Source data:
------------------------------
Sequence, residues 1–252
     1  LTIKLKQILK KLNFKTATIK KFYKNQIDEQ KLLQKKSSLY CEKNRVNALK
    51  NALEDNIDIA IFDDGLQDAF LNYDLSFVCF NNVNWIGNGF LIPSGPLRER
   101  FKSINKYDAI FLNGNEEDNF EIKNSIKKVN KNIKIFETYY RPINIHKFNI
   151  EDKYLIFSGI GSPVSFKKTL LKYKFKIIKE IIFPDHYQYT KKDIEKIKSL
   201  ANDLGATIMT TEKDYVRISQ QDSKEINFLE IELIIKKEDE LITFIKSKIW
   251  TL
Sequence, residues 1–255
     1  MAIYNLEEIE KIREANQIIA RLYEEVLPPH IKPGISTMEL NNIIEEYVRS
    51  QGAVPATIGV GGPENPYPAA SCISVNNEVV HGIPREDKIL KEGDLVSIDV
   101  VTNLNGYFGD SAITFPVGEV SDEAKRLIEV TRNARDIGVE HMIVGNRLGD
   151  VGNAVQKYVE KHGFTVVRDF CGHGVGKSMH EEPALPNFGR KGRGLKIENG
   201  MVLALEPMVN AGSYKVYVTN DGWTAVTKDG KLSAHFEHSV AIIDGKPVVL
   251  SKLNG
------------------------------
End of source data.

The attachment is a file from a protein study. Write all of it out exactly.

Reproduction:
Sequence, residues 1–252
     1  LTIKLKQILK KLNFKTATIK KFYKNQIDEQ KLLQKKSSLY CEKNRVNALK
    51  NALEDNIDIA IFDDGLQDAF LNYDLSFVCF NNVNWIGNGF LIPSGPLRER
   101  FKSINKYDAI FLNGNEEDNF EIKNSIKKVN KNIKIFETYY RPINIHKFNI
   151  EDKYLIFSGI GSPVSFKKTL LKYKFKIIKE IIFPDHYQYT KKDIEKIKSL
   201  ANDLGATIMT TEKDYVRISQ QDSKEINFLE IELIIKKEDE LITFIKSKIW
   251  TL
Sequence, residues 1–255
     1  MAIYNLEEIE KIREANQIIA RLYEEVLPPH IKPGISTMEL NNIIEEYVRS
    51  QGAVPATIGV GGPENPYPAA SCISVNNEVV HGIPREDKIL KEGDLVSIDV
   101  VTNLNGYFGD SAITFPVGEV SDEAKRLIEV TRNARDIGVE HMIVGNRLGD
   151  VGNAVQKYVE KHGFTVVRDF CGHGVGKSMH EEPALPNFGR KGRGLKIENG
   201  MVLALEPMVN AGSYKVYVTN DGWTAVTKDG KLSAHFEHSV AIIDGKPVVL
   251  SKLNG